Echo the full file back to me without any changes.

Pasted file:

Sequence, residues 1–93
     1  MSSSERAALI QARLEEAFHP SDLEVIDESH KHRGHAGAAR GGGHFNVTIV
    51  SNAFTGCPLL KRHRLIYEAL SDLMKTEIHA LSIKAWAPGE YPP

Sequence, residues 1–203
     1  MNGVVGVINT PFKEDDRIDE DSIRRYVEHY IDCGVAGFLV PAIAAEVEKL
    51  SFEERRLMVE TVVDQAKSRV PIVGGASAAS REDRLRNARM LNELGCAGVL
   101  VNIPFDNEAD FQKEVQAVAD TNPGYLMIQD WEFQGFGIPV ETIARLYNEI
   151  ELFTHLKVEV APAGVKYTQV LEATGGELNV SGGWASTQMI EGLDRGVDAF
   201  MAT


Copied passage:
Sequence, residues 1–93
     1  MSSSERAALI QARLEEAFHP SDLEVIDESH KHRGHAGAAR GGGHFNVTIV
    51  SNAFTGCPLL KRHRLIYEAL SDLMKTEIHA LSIKAWAPGE YPP

Sequence, residues 1–203
     1  MNGVVGVINT PFKEDDRIDE DSIRRYVEHY IDCGVAGFLV PAIAAEVEKL
    51  SFEERRLMVE TVVDQAKSRV PIVGGASAAS REDRLRNARM LNELGCAGVL
   101  VNIPFDNEAD FQKEVQAVAD TNPGYLMIQD WEFQGFGIPV ETIARLYNEI
   151  ELFTHLKVEV APAGVKYTQV LEATGGELNV SGGWASTQMI EGLDRGVDAF
   201  MAT